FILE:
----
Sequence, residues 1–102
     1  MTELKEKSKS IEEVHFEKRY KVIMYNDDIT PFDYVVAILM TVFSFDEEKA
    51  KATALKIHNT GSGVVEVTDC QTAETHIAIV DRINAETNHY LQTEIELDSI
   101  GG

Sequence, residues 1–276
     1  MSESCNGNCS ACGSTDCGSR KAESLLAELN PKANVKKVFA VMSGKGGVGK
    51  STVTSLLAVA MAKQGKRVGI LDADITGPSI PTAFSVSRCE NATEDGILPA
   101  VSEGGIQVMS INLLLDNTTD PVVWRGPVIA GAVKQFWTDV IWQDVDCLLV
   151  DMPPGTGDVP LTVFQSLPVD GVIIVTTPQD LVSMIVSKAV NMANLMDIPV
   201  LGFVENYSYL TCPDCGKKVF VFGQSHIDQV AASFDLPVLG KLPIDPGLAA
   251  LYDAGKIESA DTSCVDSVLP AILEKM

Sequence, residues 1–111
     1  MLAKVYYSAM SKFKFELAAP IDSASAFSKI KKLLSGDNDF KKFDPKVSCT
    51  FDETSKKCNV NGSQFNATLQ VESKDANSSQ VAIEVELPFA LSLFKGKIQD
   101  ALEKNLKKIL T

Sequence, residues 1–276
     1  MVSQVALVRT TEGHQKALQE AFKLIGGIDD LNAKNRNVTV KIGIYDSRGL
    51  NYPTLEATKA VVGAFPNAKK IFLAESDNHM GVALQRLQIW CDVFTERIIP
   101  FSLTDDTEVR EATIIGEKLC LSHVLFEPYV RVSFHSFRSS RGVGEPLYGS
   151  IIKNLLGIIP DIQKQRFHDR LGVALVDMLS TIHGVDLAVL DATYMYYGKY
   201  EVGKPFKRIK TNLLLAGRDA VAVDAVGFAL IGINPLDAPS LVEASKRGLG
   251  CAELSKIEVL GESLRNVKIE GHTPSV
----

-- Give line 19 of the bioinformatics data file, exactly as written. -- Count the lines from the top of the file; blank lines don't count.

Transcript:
   101  FSLTDDTEVR EATIIGEKLC LSHVLFEPYV RVSFHSFRSS RGVGEPLYGS